36. 36. Implementation? • getNextReadyTuple(readerID) – we get tuples in ts order, so maybe an extractMin()? (priority queue) – still no guarantee that t is ready • addTuple(tuple, sourceID) – sorted insertion maybe could help Vincenzo Gulisano - Yiannis Nikolakopoulos <6,…> <1,…><3,…> Is there a concurrent data structure with cheap extractMin() + insert() Binary Search Trees, Heaps: Expensive rebalancing and heap property
  37. 37. ScaleGate Anatomy (1) • Inspired from lock-free skip lists – randomized height of nodes – expected cost for search/insertion O(logN) • Search by traversing from higher to lower levels Vincenzo Gulisano - Yiannis Nikolakopoulos BigData’15 [GNPT]
  38. 38. ScaleGate Anatomy (2) • Reader-local view of "head" (also has minimum ts for that reader) • Flagging mechanism: – If "head" is not flagged can be safely returned – Flag the last written tuple of each source • Nodes free to be garbage-collected after every reader passes (almost...) Vincenzo Gulisano - Yiannis Nikolakopoulos head0 head1 BigData’15 [GNPT]
  39. 39. ScaleGate Properties • Safety: Linearizable – Every operation appears to take effect instantaneously • Progress: Lock-free – At least one thread makes progress, independently of the state of others • Basic building block for providing deterministic processing (through the ready semantics) Vincenzo Gulisano - Yiannis Nikolakopoulos
  40. 40. Why not a Skip List? Vincenzo Gulisano - Yiannis Nikolakopoulos
  41. 41. Agenda • Who we are • Motivation and System Model • ScaleJoin: a Deterministic, Disjoint-Parallel and Skew- Resilient Stream Join • The ScaleGate data structure • Fine-grained synchronization and other use-cases – Streaming Aggregation – Towards real-time analytics – Some ongoing work • Research in progress • Conclusions 2015-10-31 Vincenzo Gulisano - Yiannis Nikolakopoulos 44
  42. 42. Timestamp sorted Multi-way Streaming Aggregation 1 5 Aggregate F 3 7 5 9 <6,…> <1,…> <3,…> When to process a tuple? Tuples not in TS order across streams; not ready for processing at arrival… Merge & sort streams Timestamp sorted tuples per stream Vincenzo Gulisano - Yiannis Nikolakopoulos
  43. 43. Multi-way Streaming Aggregation (baseline [Streamcloud, Borealis]) Vincenzo Gulisano - Yiannis Nikolakopoulos Aggregate F: Update windows and output<6,…> <1,…> <3,…> When to process a tuple? Keep checking all buffers!!! Merge & sort streamsCan Data Structures do more than insert and extract?
  44. 44. Data Structures to the Rescue <6,…> <1,…> <3,…> Insert concurrently Concurrently update windows Get ready tuples Manage sorted windows Output tuples ScaleGate objects allow concurrent access with - consistency/safety , progress guarantees - determinism - appropriate interface  parallelization of pipeline stages Contribution: SPAA’14 [CGNPT] “Brief announcement: concurrent data structures for efficient streaming aggregation”
  45. 45. Aggregate Scaling Vincenzo Gulisano - Yiannis Nikolakopoulos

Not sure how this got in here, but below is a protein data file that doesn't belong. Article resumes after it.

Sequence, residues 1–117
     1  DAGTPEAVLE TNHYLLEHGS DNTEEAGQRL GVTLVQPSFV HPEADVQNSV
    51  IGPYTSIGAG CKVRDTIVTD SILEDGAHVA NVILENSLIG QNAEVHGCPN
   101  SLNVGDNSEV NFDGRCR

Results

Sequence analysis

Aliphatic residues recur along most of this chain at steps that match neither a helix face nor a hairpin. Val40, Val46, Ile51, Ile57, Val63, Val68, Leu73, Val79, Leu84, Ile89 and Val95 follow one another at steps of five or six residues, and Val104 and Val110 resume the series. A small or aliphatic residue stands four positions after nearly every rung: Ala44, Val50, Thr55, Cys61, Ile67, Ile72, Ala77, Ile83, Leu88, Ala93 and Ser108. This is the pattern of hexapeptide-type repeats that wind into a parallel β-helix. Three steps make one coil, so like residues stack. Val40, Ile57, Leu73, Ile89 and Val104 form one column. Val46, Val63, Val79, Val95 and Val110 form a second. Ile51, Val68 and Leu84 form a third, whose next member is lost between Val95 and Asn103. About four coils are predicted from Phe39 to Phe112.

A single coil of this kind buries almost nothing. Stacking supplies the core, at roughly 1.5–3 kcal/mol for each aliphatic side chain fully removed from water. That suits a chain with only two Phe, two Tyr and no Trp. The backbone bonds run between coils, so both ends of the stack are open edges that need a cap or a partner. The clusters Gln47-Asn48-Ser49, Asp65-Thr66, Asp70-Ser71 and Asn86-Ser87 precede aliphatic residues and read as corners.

46. 46. Latency with Increasing # Input Streams Vincenzo Gulisano - Yiannis Nikolakopoulos
  47. 47. Best Solution Award  Vincenzo Gulisano - Yiannis Nikolakopoulos Analyze taxi trip reports from NYC and compute: ACM DEBS 2015 [GNWPT] “Deterministic Real-Time Analytics of Geospatial Data Streams through ScaleGate Objects”
  48. 48. System Architecture Overview Vincenzo Gulisano - Yiannis Nikolakopoulos
  49. 49. • Networks on chip (NoC) • Short distance between cores • Message passing model support • Shared memory support Can we have Data Structures: Fast Scalable Good progress guarantees Cache Cache IA Core Shared Local • Eliminated cache coherency • Limited support for synchronization primitives What’s happening in hardware? Vincenzo Gulisano - Yiannis Nikolakopoulos
  50. 50. Off-chip DRAM Adapteva’s Epiphany Architecture: 16 or 64 cores core core On-chip 32kb per core core core core core Cores communicate through mesh by reading and writing the on-chip memory Vincenzo Gulisano - Yiannis Nikolakopoulos Distributed shared memory
  51. 51. Ongoing work with Ericsson: ScaleGate on Epiphany • Task-graph based processing • (Baseband) signal processing applications Vincenzo Gulisano - Yiannis Nikolakopoulos Can ScaleGate help?
  52. 52. Agenda • Who we are • Motivation and System Model • ScaleJoin: a Deterministic, Disjoint-Parallel and Skew-Resilient Stream Join • The ScaleGate data structure • Fine-grained synchronization and other use-cases • Research in progress • Conclusions 2015-10-31 Vincenzo Gulisano - Yiannis Nikolakopoulos 55
  53. 53. 2015-10-31 Vincenzo Gulisano - Yiannis Nikolakopoulos 56 Source: http://storm.apache.org/ Source: http://storm.apache.org/ … … Intra-operator parallelism Storm is a parallel-distributed Stream Processing Engine • Data streaming operators  Spout / Bolt • Splitting of work into tasks / workers  Intra-operator parallelism
  54. 54. Parallelization • General approach LB: Load Balancer IM: Input Merger OPA OPB OPA LBIM Node 1 OPA LBIM Node m … Subcluster A OPB LBIM Node 1 OPB LBIM Node n … Subcluster B 572015-10-31 Vincenzo Gulisano - Yiannis Nikolakopoulos
  55. 55. Parallelization • Stateful operators: Semantic awareness – Aggregate: count within last hour, group-by caller number Previous Subcluster LB… LB… IM Agg1 IM Agg2 IM Agg3 … … … Caller A A B 8:00 3 58 A C 8:30 5 A D 9:05 2 2015-10-31 Vincenzo Gulisano - Yiannis Nikolakopoulos
  56. 56. Parallelization Previous Subcluster LB… LB… IM Agg1 IM Agg2 IM Agg3 … … … 592015-10-31 Vincenzo Gulisano - Yiannis Nikolakopoulos Source: http://storm.apache.org/ Fields grouping Source: http://storm.apache.org/ User defined